To be deeply philosophical about it, or more likely just to fool you into believing that I’m smart or something… all of the atoms in the universe have been cycled and recycled, combined and recombined over millions and billions of years, and somehow, by fate or whatever, you and I were fabricated from a mere dusting of these fragments and particles.

It’s a miracle really; a miracle that justifies something great and noteworthy, don’t you think?

But dear friend… it’s the best of times and… it’s the worst of times.

Because there are so many distractions, maybe fewer of us than ever are actually doing these amazing, diverse things… or at least doing them well. Good morning, this is your wake-up call...

I’ve struggled mightily all my life with mediocrity – boo hoo, poor entitled lad – you know… Jack of All Trades, Master of None.  

For the most part I’ve actually happily embraced being so-so at almost everything I do, rationalizing that because I do a bucketload of varied things with my time, that I can ditch the worry about doing anything really well.

CHANGE.

My thinking has and is changing … let’s see, my fellow Canadian JT (Justin Trudeau) has changed his thinking on electoral reform, and even Donald Trump has changed his thinking on China as a currency manipulator.

So maybe, just maybe, it’s OK for Larry Green to change his thinking on mediocrity in every area of his life (hmmmm, talking about yourself in the third person is a sign of encroaching narcissism, I’d better look up some remedial therapy courses online).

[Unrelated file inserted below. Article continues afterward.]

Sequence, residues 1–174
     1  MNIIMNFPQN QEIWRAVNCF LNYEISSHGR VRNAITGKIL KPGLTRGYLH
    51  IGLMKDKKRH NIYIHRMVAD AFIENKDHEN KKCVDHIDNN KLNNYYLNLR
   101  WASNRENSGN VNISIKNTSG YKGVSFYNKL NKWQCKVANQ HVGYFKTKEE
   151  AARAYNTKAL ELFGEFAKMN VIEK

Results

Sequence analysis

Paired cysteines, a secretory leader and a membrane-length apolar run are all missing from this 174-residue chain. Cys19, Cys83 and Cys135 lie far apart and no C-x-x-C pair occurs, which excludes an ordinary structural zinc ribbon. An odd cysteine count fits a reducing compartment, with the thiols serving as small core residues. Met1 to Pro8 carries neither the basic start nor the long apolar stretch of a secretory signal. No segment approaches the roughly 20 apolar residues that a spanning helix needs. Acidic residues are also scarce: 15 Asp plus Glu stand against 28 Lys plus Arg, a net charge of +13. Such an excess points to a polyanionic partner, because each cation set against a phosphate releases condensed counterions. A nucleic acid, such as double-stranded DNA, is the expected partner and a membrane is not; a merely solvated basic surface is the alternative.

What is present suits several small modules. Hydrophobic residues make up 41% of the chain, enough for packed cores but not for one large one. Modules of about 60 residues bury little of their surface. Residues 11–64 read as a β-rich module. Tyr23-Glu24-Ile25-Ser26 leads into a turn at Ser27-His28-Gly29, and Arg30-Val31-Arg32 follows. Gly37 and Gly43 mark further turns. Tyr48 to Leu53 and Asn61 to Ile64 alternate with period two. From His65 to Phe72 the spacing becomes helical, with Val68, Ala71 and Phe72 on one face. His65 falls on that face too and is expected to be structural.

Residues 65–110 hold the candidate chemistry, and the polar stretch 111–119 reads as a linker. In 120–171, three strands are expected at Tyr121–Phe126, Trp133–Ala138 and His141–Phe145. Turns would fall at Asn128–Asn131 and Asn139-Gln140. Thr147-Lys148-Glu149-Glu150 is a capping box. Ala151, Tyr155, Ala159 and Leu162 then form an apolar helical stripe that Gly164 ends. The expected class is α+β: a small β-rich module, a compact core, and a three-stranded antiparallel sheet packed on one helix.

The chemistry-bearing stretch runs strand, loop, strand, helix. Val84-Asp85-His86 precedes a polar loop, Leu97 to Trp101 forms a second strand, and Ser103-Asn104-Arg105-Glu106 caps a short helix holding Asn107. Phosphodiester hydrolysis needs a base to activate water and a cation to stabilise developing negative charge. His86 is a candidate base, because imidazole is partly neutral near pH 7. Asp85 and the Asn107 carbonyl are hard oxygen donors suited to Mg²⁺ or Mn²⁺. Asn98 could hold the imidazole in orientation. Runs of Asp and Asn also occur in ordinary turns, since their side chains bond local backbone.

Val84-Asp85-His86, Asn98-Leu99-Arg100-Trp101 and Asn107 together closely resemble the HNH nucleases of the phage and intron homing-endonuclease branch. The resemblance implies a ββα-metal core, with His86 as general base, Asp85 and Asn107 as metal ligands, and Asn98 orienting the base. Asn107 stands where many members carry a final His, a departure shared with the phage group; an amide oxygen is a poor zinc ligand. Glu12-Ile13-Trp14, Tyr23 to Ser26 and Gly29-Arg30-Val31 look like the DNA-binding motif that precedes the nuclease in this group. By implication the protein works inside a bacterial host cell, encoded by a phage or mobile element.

To be good or great, you have to hone the skills, spend the 1,000 hours… the 10,000 hours to become “special”.

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I’ve talked about this before, and I hate to be a nag, but in a world that makes learning so easy, and concentrated focus so challenging, it bears repeating.

When I – drooling over sexy music porn – watch Tommy Emmanuelle or Keith Urban play their guitar, the first thought that passes through my brain like a crawler at the bottom of the news channel screen, is, “I could never do that“.

WRONG… they became that good by… practice… practice… and more practice.

Your wise old Mom was right when she told you to sit at the piano bench, practicing your lessons for a half hour every day.

I, and similarly, you, have the ability if we’re willing to pay the price.

If I’m willing to commit hours, months, and years, I can do it.

It’s about committing to something you enjoy tremendously and making the effort, the hard, concentrated effort, to learn and progress and accept the difficulties and failures that come with slow, uneven progress.

It’s about The Art of Focus.

It’s about a willingness to say NO more often, no to the distractions and outside influences, and sitting yourself down to do the hard, often lonely, but ultimately pleasurable work of making something magical within yourself.

It’s about the inner feeling of goodness and creative spark that comes with a pat-yourself-on-the-back sense of mastery.

This beautiful blue planet we inhabit for such a painfully short time has evolved over millions of years to the point where, today, most of us rarely fear for our mortal lives or tremble about starvation, where crippling diseases are at a lesser tide than any time in history, where work days usually conclude after 8 or 10 hours, and weekends are for our own pleasure.